After the insight into change has come and the initial resistance has been overcome, failures often occur first. Because as long as a method is not yet “working out” for you, you often need more time and cognitive resources in the beginning than before. But if you manage to get through this low point, methods will emerge more and more clearly that work for you and that can soon become routine.
Methods that increase your productivity
There are various methods with which the productivity principles described can be implemented in a structured manner. In addition to the Pomodoro technique, there are other prominent techniques that can boost your productivity.
The Pareto principle, also known as the "80/20" rule, states that regardless of the task at hand, 80 percent of the results correspond to 20 percent of the effort can be achieved, and can be used in a wide variety of contexts. For example, if 20 percent of a company's customers are responsible for 80 percent of sales.
In terms of productivity, the Pareto principle means that often 80 percent of the results are achieved in just 20 percent of the time invested, while the remaining 20 percent of the tasks take up 80 percent of the time.
The consequence of this is one well thought-out prioritization. Identify the 80 percent of tasks that you can do quickly and don't get lost in details just because you may have invested too little time in a task. At the same time, ask yourself which 20 percent of the tasks take up so much of your time, why this is so, and answer honestly whether the result is worth the effort.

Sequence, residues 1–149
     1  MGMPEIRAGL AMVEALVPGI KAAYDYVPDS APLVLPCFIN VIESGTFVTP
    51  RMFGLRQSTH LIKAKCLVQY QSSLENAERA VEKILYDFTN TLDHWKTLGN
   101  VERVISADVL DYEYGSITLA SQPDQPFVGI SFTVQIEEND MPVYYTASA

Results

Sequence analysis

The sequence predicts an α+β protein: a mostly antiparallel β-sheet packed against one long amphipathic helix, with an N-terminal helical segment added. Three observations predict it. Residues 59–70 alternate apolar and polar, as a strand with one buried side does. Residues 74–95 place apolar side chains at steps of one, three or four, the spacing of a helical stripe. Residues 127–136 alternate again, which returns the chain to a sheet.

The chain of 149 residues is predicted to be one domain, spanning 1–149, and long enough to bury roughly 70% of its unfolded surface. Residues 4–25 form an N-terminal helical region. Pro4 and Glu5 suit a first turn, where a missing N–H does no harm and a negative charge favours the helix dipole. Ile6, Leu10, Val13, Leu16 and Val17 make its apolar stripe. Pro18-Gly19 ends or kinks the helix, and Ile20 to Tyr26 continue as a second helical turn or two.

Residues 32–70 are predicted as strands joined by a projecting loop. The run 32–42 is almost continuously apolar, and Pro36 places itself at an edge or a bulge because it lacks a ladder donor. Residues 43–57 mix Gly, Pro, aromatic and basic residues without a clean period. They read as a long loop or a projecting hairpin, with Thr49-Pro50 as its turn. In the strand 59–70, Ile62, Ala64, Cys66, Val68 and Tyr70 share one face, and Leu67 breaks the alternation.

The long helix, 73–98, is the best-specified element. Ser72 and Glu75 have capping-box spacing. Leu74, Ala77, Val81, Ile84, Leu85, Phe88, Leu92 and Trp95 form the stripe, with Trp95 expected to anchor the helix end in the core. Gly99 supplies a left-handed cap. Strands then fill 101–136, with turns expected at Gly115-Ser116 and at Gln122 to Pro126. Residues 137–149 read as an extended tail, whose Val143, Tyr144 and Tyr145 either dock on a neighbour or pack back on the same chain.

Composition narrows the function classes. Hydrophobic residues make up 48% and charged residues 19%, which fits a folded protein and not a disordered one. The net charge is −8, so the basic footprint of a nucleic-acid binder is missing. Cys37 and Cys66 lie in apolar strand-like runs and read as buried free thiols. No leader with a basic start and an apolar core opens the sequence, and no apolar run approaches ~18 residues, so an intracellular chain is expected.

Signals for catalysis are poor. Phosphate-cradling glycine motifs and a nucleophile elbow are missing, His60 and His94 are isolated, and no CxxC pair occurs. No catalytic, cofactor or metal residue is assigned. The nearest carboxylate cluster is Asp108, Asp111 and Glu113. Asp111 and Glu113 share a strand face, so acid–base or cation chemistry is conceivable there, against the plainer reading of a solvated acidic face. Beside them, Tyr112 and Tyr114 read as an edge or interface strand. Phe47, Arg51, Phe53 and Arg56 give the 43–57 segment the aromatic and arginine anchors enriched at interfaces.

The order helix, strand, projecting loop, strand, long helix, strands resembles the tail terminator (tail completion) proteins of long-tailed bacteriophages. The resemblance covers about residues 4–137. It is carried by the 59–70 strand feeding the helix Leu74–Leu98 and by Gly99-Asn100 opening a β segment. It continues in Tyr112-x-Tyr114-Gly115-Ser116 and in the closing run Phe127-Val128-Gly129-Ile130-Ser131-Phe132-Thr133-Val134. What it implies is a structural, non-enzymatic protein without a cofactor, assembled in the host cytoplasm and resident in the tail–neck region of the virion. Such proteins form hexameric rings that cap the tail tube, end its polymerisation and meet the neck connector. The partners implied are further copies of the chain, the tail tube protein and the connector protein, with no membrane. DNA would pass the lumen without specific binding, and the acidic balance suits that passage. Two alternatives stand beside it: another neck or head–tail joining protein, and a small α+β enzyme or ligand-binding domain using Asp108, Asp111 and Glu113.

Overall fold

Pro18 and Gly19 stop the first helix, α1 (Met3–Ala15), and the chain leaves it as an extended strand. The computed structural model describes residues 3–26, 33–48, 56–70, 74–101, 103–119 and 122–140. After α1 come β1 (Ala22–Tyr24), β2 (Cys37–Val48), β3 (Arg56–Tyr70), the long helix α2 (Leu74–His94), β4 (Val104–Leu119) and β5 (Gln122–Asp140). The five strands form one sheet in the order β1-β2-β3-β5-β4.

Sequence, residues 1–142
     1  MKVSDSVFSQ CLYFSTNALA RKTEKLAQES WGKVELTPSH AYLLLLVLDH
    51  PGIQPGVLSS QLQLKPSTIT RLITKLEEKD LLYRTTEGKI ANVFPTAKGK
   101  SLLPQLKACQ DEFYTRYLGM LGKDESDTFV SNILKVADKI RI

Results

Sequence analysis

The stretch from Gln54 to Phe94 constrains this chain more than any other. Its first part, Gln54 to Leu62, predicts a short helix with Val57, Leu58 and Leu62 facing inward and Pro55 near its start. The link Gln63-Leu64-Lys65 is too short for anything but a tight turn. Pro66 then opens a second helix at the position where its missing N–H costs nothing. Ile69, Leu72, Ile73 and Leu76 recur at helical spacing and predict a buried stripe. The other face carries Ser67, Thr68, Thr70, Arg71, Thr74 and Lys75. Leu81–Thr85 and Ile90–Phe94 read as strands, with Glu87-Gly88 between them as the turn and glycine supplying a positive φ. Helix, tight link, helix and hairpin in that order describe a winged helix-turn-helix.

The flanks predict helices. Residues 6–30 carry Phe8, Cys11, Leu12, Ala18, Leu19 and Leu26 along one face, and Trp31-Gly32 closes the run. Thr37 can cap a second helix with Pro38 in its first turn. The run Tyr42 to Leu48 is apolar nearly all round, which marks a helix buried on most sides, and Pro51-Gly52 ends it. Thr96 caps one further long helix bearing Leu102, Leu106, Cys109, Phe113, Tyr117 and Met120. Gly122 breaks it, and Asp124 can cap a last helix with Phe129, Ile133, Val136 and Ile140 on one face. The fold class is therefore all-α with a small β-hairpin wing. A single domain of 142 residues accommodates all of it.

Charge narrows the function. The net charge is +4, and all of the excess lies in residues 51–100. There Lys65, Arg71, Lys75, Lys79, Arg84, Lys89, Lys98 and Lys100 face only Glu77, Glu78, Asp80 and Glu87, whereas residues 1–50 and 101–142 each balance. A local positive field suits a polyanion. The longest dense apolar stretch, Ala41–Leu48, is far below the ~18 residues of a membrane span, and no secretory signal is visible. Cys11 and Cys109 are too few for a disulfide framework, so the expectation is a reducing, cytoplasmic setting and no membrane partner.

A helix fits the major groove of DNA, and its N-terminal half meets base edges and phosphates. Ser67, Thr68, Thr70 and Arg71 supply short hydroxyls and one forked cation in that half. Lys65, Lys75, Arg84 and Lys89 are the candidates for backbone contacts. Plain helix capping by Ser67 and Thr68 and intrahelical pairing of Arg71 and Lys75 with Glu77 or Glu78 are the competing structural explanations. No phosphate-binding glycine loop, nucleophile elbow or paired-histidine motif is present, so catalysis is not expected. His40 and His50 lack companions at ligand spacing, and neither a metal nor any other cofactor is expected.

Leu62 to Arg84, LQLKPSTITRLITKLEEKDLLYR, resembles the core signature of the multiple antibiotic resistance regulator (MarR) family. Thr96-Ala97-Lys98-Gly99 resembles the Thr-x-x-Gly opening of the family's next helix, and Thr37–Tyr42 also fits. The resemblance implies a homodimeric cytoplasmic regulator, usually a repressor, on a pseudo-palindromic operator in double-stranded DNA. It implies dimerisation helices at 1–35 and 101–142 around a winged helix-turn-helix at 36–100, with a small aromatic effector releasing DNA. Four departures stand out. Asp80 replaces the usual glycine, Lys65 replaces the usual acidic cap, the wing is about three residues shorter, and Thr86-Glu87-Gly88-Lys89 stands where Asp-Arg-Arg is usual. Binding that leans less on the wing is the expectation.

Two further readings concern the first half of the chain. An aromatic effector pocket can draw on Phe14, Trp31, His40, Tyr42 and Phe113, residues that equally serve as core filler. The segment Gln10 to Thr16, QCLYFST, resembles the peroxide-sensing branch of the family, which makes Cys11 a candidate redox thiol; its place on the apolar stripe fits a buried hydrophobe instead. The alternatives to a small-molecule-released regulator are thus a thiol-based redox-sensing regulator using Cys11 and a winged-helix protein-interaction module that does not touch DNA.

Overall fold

The Eisenhower method goes back to the US president of the same name, who allegedly used it for time management and conveyed it to his employees. Essentially, this is about the categorization of tasks in order to then prioritize and process them accordingly.
The basis is one Matrix of urgency and importance. The combination results in the following four categories:
- A tasksthat are very important and very urgent should be dealt with immediately.
- For B tasksthat are important but not urgent, find an appointment to do them in the near future.
- C tasksYou can delegate to employees that are urgent but not important. In this way, they are dealt with promptly, but you still have the capacity for A tasks.
- D tasks are neither urgent nor important and can therefore simply be ignored.
"Getting Things Done®“-Workflow
Getting Things Done® is a productivity methodology from bestselling author David Allen, who developed five mandatory steps in completing tasks:
- Collect: The system is based on the fact that really all tasks, ideas and thoughts to be completed are collected centrally in as few places as possible, the metaphorical inboxes.
- To process: All collected impulses are regularly examined and evaluated: Which of them should and must really be processed? The following applies Two-minute rule: Everything that can be done in a maximum of two minutes is tackled immediately and not postponed.